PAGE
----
4. Remove the flexible mask from the shipping support by cutting the mask with a new razor blade.

5. Make a template to the desired finish size out of the support that is shipped with the mask. Cut and sand the template smooth. It will be used to center and mark the final location of the mask. (There are various ways to align the boot. 3M recommends marking the center of the radome with a pencil, positioning the mask in the desired location on the radome and marking the mask to match the radome mark, and then aligning the mark during final installation).

6. Dry fit the boot to the radome and when you are happy with the alignment, mark the top center or 12 o'clock position by cutting a small slit at the top of the mask in the area that you will trim away.

7. Peel a small amount of liner from the mask and spray the adhesive liberally with the water/alcohol/soap solution. Continue peeling and spraying the liner in small increments, until the liner is removed and the adhesive side of the mask is thoroughly sprayed.

8. Liberally spray the aircraft radome with the water/alcohol/ soap solution.

9. Position the mask on the radome, lubricate the surface of the mask with soap solution, and begin to work the air and bubbles from the liner from front to back.

10. Use a squeegee to continue to work the water and air to the back of the boot until there is no air or water beneath the mask. Always work from the center of the mask toward the back of the aircraft being careful not to get any area stuck down while moisture remains in front of it. Also, use only moderate pressure on the squeegee. Too much pressure can cause a condition where hundreds of small bubbles appear under the mask, resembling beer foam.

11. Wipe off excess fluid with paper towels.

12. Place template over mask and mark the desirable trim line. Then tape along the trim line with 1/4-inch masking tape.

13.Using the edge of the tape as a guide, trim the mask with a new industrial knife or razor blade.

14. Remove the tape, peel away the excess material, and wipe away the pen line that was used for trimming.

14. Final squeegee to assure all wetting solution is purged from beneath the mask. Pay special attention to areas around stripes, working all moisture out of the ridges.

15. If any blisters are discovered, it is allowable to use a pin to prick a small hole in the blister. Then use a squeegee to work out any entrapped air or moisture. The mask will lay down and stick.

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Common Problems Encountered When Installing Masks:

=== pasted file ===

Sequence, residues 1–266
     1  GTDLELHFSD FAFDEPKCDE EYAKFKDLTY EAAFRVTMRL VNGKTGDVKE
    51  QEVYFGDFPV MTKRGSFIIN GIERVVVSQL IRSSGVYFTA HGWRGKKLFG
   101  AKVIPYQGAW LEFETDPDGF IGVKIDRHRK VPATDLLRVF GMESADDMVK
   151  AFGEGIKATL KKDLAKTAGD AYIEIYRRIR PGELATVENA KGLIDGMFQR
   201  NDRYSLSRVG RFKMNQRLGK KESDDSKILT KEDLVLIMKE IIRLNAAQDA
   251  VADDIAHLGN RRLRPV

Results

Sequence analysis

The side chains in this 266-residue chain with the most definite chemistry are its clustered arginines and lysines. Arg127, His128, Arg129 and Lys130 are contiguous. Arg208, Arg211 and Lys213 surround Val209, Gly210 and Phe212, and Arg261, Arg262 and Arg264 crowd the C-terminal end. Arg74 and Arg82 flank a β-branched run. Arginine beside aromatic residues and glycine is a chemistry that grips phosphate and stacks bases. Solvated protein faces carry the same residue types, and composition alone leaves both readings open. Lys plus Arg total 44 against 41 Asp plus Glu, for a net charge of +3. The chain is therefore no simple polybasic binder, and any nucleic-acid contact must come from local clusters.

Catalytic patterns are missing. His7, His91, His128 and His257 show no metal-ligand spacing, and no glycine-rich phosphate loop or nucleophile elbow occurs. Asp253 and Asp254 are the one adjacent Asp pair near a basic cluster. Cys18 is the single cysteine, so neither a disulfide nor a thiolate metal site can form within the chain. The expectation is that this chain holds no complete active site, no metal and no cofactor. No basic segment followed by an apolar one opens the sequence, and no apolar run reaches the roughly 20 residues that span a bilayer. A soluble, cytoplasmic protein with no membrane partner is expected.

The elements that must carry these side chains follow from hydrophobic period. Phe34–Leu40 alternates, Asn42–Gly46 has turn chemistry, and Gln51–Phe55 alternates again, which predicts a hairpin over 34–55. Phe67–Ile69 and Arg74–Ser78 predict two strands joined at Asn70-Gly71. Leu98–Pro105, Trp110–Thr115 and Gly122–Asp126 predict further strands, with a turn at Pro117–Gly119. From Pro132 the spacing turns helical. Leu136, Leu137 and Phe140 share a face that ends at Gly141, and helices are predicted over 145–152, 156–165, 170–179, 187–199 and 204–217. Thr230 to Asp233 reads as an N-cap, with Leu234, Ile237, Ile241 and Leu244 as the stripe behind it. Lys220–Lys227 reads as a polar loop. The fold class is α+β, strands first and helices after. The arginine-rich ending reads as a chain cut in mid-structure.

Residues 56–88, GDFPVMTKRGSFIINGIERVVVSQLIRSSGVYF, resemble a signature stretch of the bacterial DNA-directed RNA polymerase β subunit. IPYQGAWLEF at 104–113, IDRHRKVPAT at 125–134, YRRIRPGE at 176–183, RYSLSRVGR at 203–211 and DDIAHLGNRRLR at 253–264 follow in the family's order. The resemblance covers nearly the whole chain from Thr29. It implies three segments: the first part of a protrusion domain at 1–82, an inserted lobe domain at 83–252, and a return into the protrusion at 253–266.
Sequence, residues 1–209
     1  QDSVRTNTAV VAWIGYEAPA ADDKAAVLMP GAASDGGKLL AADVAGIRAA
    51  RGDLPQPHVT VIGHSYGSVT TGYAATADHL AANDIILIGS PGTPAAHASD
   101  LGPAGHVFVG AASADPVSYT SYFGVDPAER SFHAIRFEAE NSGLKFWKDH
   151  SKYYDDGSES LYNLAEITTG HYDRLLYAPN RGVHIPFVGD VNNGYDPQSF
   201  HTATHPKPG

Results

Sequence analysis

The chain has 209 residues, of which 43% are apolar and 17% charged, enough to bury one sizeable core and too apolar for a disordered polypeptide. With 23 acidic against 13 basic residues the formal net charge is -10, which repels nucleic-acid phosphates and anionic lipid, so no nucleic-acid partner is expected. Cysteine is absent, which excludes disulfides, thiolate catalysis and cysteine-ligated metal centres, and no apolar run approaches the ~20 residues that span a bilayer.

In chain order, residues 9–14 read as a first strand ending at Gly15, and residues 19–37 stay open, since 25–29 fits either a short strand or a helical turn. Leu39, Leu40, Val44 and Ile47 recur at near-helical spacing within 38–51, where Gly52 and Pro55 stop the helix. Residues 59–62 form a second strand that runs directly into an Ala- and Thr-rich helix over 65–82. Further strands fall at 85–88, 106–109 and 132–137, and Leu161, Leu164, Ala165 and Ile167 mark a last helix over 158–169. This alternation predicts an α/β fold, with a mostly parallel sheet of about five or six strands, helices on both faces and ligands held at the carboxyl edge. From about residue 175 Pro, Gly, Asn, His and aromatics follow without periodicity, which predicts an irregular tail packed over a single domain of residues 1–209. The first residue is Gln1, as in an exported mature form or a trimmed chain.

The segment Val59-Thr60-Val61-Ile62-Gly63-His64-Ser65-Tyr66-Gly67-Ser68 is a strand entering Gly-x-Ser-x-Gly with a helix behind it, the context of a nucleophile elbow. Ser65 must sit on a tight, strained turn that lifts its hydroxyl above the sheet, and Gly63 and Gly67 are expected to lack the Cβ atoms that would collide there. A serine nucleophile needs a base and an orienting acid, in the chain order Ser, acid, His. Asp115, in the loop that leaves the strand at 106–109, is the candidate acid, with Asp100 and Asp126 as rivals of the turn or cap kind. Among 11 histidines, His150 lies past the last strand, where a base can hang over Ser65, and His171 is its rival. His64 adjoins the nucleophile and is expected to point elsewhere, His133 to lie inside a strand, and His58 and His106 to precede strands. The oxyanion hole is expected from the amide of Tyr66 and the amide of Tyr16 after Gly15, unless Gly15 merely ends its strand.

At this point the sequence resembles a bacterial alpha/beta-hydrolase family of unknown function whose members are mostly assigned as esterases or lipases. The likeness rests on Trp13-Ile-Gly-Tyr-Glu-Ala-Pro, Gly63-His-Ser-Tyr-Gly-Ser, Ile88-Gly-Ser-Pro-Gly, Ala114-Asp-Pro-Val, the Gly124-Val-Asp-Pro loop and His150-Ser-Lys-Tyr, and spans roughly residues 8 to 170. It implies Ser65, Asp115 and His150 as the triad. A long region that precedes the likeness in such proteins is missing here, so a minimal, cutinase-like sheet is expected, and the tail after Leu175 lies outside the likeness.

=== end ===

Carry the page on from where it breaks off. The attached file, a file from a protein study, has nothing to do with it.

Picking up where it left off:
Common Problems Encountered When Installing Masks:

(From PM Research) February 1999

Problem 1: Applied protective mask and it looked fine when they left for the night. The next day, they noticed small blisters or bubbles under mask.

Cause: Paint is still outgassing.
Solution: Be sure paint is totally cured before applying the mask. The bubbles can be eliminated by pricking them with a pin or needle, and squeegeeing them down again.

Problem 2: After application of mask, customer noticed "beer foam" appearance under mask.

Cause: Mask was overworked and squeegeed too hard.
Solution: We suggested they apply a new mask, and use moderate pressure on squeegee.

Problem 3: Customer stated that protective mask would not stick. Mask was returned to P.M. and was found to be ok.

Cause: Either wax or oil, or silicone wax was on the aircraft which prevented adhesion. Additionally, there may be a teflon finish on the aircraft, the spray bottle or solution may have been contaminated. Another possibility may be the paper towels you're using have an adhesive that is acting as a release agent.
Solution: Be sure your equipment is not contaminated. Also, note that silicone wax, rtv and other silicone agents can spread over a wide area and act as a release agent for paint, as well as for adhesive. They seem to keep coming back up to the surface no matter how hard you try to clean them off. Try to keep these materials out of your shop.

Problem 4: The adhesive is gumming up or balling up under the mask.

Cause: Improper mixture of wetting solution (too much alcohol) or wrong alcohol. Do not use deice alcohol. Use the drug store variety or "rubbing alcohol" that is 70 percent by volume.
Solution: Mix wetting solution according to shop manual.

Problem 5: Blisters appear while mask is being applied.

Cause: Wetting solution trapped underneath is caused by sealing down the back before the wetting solution is completely squeegeed from the front of the mask.
Solution: Always squeegee from front to back only. Start at the center and work all moisture toward the back of the mask (Back of the mask is toward the back of the aircraft). If you are beyond this point and blisters already exist, prick each blister in the center of the blister with a pin and squeegee toward prick hole to expel moisture. The mask will lay down and stick.

Problem 6: Mask puckers up in back.

Cause: Extra material is supplied on most masks.
Solution: Trim the mask off farther toward the front. Note the mask should cover the radome toward the back of the aircraft at least to a point where a yardstick rests on the radome when held against the radome and tipped at a 45 degree angle.

Problem 7: Mask has bug stains on it.

Preventative action: After application, the mask should be waxed with a good, non-silicone paste wax. Periodic cleaning and waxing will keep your mask looking good.

Problem 8: Mask has rust stains underneath it

Preventative action: Use only distilled water in mixing wetting solution. Tap water can contain many contaminants, including rust particles.